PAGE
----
Once a Runner

There is a certain relief in change, even though it be from bad to worse! As I have often found in travelling in a stagecoach, that it is often a comfort to shift one’s position, and be bruised in a new place.
-Washington Irving

I did not always know I wanted to be a martial artist. Before I got into martial arts, I was a distance runner. Before that, I was a goalie specifically because I wanted to play soccer but not have to run. Things change.

As a freshman, I was on the Cross Country and Track teams at the University of Notre Dame. I was coming from a high school team ranked as high as 24th in the nation, and I was recruited to run for a team that had just taken 3rd in the Division I NCAA Cross Country Championships. I dreamed of running in the Olympics. Posters of Pre decorated my walls, and my favorite book was Once a Runner. Running was my life. Now? I have gone running a grand total of two times since moving to Seattle. Things change.

In high school I suffered from a few setbacks which kept me from reaching my fullest potential, but none were as limiting as the IT band injury that flared up during the summer before my freshman year of college. I could not sustain regular training for an extended period of time without my IT band tightening up to the point where it caused crippling pain any time I tried to bend or extend my leg (something you do A LOT as a runner). Despite spending hours working with trainers every day and seeing several doctors, I was never able to overcome my injury. I was devastated, and it was one of the most challenging periods of my life. Little did I know it would lead to something that would change my life forever.

After making the decision to give up running, I was looking for something else to do for exercise. Upon seeing a flyer for a martial arts class hanging in my dorm, I joined the Notre Dame Martial Arts Institute, introducing me to a community that has had a profound impact on how I live my life. I could not be more grateful for the experiences I have had through martial arts.

Recently, I was laid off from my job at Microsoft. After over three years of doing a job I did not enjoy, all the while intending to use it as a stepping stone in my career, I was finally transferred to a team working on the next generation of graphics technology that will power all major video games in the future of Microsoft’s platforms. I finally made it to where I wanted to be, but only four short months later my position was eliminated and I was released from the company.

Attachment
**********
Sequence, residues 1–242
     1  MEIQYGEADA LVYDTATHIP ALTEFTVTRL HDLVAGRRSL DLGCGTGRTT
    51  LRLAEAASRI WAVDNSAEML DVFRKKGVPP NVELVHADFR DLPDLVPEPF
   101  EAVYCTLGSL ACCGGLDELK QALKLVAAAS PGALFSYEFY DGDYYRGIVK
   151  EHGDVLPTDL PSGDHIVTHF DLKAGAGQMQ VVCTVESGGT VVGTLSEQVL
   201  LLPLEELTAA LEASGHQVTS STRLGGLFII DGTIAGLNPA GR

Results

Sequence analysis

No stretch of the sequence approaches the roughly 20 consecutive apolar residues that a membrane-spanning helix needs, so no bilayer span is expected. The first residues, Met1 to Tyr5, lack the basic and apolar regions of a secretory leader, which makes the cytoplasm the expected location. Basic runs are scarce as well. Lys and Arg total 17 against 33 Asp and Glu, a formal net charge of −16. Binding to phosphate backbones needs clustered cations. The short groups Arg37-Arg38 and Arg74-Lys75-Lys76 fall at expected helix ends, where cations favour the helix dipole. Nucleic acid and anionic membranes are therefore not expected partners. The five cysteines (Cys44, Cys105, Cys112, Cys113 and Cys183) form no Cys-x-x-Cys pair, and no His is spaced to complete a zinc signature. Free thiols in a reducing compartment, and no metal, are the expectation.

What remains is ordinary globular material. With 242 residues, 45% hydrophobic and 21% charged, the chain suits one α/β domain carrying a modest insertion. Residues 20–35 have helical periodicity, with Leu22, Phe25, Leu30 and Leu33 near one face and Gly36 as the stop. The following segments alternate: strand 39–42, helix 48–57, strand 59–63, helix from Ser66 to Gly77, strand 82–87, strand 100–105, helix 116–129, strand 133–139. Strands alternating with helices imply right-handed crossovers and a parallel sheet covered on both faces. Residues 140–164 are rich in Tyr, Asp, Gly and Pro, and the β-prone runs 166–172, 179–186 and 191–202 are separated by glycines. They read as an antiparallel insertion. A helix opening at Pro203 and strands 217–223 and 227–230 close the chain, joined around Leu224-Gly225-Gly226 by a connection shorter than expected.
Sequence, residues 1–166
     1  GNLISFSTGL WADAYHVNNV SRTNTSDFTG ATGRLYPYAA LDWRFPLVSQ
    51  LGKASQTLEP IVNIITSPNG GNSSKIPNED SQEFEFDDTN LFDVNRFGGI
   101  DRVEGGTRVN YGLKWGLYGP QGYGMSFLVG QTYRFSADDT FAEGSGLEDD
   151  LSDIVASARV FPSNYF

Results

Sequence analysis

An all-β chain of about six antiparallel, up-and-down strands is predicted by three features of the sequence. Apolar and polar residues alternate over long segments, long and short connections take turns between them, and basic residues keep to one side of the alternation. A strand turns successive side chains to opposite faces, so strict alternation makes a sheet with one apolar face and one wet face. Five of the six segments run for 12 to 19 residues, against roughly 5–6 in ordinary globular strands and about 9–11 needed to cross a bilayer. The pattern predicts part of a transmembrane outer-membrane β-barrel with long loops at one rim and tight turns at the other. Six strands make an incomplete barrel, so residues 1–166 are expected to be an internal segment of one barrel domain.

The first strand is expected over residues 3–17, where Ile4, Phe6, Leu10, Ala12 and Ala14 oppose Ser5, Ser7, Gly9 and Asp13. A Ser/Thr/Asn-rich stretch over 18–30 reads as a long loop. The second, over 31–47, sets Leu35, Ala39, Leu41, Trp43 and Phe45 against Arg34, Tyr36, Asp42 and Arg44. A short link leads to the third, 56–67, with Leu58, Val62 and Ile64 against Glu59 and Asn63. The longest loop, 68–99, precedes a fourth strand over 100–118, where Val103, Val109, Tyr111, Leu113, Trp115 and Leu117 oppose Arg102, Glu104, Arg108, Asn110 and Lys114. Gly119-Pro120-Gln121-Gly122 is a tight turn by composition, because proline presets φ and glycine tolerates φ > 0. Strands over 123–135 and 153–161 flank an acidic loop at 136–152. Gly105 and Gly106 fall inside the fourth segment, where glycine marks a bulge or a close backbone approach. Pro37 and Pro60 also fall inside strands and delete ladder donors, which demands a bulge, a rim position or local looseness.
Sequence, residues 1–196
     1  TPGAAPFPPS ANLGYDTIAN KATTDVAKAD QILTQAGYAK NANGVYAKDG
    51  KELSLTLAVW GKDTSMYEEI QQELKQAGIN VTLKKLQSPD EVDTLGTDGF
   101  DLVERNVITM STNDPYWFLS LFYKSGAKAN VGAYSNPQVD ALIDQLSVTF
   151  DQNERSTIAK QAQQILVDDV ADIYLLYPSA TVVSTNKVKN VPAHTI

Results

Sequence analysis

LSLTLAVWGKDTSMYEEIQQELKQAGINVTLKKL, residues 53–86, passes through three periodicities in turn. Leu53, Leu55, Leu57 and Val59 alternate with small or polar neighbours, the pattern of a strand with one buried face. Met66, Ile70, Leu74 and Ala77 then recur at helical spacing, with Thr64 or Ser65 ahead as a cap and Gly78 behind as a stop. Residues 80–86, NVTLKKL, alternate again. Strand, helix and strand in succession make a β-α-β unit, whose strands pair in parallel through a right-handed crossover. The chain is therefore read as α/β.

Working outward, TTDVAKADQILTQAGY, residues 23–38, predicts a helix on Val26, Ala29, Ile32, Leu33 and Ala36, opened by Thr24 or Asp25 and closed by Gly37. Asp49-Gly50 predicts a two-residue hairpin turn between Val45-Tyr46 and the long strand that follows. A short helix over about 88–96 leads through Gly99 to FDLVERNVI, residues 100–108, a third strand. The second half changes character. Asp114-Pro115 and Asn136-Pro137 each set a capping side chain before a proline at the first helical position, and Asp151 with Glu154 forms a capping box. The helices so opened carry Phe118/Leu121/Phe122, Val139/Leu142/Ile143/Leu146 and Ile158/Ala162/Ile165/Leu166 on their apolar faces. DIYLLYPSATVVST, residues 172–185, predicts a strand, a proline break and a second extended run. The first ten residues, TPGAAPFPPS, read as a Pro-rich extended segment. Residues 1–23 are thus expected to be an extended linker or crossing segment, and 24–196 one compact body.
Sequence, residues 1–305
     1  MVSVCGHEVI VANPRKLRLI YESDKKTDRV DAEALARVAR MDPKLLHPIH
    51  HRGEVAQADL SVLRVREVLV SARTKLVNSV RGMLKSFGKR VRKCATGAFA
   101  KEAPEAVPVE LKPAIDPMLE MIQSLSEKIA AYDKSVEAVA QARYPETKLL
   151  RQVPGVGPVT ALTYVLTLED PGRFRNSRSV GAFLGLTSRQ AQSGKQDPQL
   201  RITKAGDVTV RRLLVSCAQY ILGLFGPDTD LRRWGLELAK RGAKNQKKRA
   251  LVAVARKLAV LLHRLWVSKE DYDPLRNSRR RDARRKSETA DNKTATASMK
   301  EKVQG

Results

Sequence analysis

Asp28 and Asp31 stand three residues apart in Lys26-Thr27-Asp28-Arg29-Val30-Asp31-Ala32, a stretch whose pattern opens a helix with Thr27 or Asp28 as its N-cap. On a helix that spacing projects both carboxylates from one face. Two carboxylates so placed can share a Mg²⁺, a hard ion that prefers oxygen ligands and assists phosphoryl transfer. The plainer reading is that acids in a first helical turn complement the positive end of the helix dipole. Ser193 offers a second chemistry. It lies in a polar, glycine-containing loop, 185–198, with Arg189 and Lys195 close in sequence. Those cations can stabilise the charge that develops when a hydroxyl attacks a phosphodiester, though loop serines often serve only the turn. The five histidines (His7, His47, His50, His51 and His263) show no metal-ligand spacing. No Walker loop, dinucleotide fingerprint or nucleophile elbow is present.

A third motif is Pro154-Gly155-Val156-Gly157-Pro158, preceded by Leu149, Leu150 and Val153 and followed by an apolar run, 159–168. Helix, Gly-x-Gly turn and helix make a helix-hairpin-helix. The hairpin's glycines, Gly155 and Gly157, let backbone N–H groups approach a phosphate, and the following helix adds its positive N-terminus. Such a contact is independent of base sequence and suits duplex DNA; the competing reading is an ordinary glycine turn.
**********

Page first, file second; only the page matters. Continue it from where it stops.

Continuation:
It’s hard not to wish I still had my job at Microsoft doing something I love, but I’ve learned through my transition from running to martial arts that this will lead to a new adventure I will look back on and be grateful for. Things change, but the world keeps turning.

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Outliers (Gladwell, 3 of 3)

During his Q&A, Malcolm Gladwell noted that he has yet to find an excellent example of a social phenomenon that does not follow an inverted U shaped curve. This prompted me to ask what I thought to be the most obvious question. What about mastery? If it takes 10,000 hours to master something, is there some point past that where you’re getting a negative effect?
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A Warrior of the Light Dances

“Warriors of light are never predictable. They might dance down the street on their way to work…” – Paulo Coelho

As I walked to work today, I was doing some mental kata. I taught Pyung-An 4 in class this morning, so as I travelled I was visualizing myself going through the techniques. Swinging my hips, tensing my muscles, and contorting my face as I exchanged blows with my opponent, I danced my way down the sidewalk. Upon completing the kata in my head, I looked up to see the woman walking past me glance at me as if I had lost it.

“The warriors may look mad, but this is just a disguise.” – Paulo Coelho

All Previous Truths Apply

“All Previous Truths Apply” – James Laville

Mestre Curisco often reminds us “there are different levels within each level.” That is, within each rank there is a spectrum of abilities, and we should always be pushing ourselves to improve our position regardless of where we stand. One implication of this is that getting a new rank does not automatically mean you are on par with the rest of your peers who hold said rank, and you will have to work to keep improving your position on the spectrum in your new rank. I think this is fairly self-evident, so the focus of this post is precluding your rank from being a ceiling that limits your growth and the applications this concept can have in real life.
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Mastering the Commonplace

“The person who can vacuum an entire house without once losing his or her composure, staying balanced, centered and focused on the process rather than pressing impatiently for completion, is a person who knows something about mastery.” -George Leonard

Mastering the Commonplace, chapter 13 of Leonard’s ‘Mastery’, finally sunk in today. When he wrote about taking the time to be balanced and centered for each movement of washing the dishes, drying them, and putting them away, I scoffed: I am a busy man. The last thing I want to do is spend more time doing the dishes. I understand and completely agree with his position that we are a goal oriented society; in an attempt to see quick results, people often rush through tasks, and it costs them more time, energy, and money than doing it right in the first place. This is easily exemplified by my computer programming, where taking the time to code correctly in the first place saves time in the long run even if it postpones the initial results.

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